Banned Book Week Coming Up

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Banned Book Week Coming Up

Postby swreader » Sat Sep 20, 2008 1:33 am

It seems appropriate, even though as far as I know, Terry Pratchett's books have never been banned, to remind people that Banned Books Week--celebrating the freedom to choose what one reads-- is celebrated in the US every year on the last week in September (or in this case from September 27 through October 4). This is something we always supported in our store, and I thought I should bring it to your attention.

BBW celebrates the freedom to choose or the freedom to express one’s opinion even if that opinion might be considered unorthodox or unpopular and stresses the importance of ensuring the availability of those unorthodox or unpopular viewpoints to all who wish to read them. After all, intellectual freedom can exist only where these two essential conditions are met.

BBW is sponsored by the American Booksellers Association, American Booksellers Foundation for Free Expression, American Library Association, American Society of Journalists and Authors, Association of American Publishers, National Association of College Stores, and is endorsed by the Center for the Book in the Library of Congress.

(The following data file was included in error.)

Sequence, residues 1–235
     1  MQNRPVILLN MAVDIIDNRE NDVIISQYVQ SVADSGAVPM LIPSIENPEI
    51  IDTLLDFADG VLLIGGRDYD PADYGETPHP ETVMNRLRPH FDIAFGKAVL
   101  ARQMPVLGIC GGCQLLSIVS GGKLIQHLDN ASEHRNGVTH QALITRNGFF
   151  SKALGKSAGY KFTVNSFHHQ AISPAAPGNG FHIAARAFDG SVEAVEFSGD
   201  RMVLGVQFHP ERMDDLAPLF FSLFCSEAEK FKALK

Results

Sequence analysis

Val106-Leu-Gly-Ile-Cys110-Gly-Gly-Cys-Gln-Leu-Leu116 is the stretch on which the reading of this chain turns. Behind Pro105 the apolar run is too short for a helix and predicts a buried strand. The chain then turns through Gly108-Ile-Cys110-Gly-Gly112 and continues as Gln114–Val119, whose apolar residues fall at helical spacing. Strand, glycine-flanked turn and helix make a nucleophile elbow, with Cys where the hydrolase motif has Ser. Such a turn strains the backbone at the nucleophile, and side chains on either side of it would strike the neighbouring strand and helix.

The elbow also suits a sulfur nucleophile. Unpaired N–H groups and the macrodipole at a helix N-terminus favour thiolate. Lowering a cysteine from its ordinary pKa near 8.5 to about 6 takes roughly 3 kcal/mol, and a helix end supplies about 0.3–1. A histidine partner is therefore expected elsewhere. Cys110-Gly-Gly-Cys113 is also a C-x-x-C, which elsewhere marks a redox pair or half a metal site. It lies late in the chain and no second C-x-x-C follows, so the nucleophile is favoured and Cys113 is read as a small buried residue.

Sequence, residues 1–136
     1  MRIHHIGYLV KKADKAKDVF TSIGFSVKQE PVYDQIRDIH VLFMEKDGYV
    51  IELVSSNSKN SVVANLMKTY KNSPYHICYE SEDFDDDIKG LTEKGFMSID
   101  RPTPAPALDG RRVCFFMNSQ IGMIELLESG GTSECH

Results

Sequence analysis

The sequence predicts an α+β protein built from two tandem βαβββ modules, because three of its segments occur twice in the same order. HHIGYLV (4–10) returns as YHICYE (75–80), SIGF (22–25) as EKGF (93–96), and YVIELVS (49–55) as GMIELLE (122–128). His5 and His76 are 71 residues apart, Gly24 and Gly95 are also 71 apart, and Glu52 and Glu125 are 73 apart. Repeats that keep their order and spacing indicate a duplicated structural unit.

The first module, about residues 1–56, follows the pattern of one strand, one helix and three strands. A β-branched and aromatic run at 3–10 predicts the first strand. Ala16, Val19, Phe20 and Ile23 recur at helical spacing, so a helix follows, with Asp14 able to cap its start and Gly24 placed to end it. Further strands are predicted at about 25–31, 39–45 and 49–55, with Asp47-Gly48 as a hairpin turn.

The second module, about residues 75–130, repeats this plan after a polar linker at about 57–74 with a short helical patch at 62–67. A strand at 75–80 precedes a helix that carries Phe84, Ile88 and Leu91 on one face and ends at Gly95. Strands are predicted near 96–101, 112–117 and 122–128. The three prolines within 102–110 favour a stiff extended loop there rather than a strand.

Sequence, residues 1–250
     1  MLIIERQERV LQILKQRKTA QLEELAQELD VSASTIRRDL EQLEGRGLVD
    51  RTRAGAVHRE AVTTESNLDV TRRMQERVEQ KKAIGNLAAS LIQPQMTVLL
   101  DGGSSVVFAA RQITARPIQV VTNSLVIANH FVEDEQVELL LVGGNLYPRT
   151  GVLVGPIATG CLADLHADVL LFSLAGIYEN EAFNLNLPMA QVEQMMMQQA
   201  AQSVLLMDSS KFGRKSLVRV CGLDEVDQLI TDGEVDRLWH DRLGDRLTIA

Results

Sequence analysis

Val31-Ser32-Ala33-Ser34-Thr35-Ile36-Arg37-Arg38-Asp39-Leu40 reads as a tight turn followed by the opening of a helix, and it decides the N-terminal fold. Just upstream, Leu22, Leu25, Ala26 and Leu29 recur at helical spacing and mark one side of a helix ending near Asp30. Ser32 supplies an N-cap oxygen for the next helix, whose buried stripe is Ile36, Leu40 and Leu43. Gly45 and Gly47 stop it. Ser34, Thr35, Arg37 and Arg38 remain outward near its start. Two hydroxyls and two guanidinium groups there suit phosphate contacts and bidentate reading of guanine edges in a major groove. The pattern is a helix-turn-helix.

To see a list provided by Amazon (US) of recently banned books you can look at that link which gives you more detailed descriptions. But for a really appalling and comprehensive list of books which have been banned somewhere in this country--and perhaps others, The Pelham Library has compiled a two page list ofchallenged and banned books and has issued a challange of it's own for intelligent people to read as many as possible.

How many of these have you read? (Note--you won't believe the books on the list--so take a look)
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Postby Tonyblack » Sat Sep 20, 2008 8:02 am

I was shocked when I read the list of books that had been banned - some of them make no sense at all. Charlie and the Chocolate Factory and James and the Giant Peach to name two. :shock:

Who are these people who see it their moral duty to stop others reading what they want to read? Are they stupid or evil? And have they actually read the books they insist that we can't? :?
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Postby Tonyblack » Sat Sep 20, 2008 8:07 am

I think it's worth printing that list up here on the board - it's a PDF and not everyone has Adobe:

Wild Swans : Three Daughters of China
The House of the Spirits
Fair and Tender Ladies
Flowers In The Attic
Go Ask Alice
The Handmaid's Tale
I Know Why the Caged Bird Sings
Go Tell It on the Mountain
In The Heat Of The Night
On My Honor
Figure In The Shadows
Uncle Tom's Cabin
Olive's Ocean
Forever
Earth’s Children (Series)
Fahrenheit 451
The Martian Chronicles
Girl 15, Charming but Insane
The Moves Make the Man
Prince of Tides
Clockwork Orange
Naked Lunch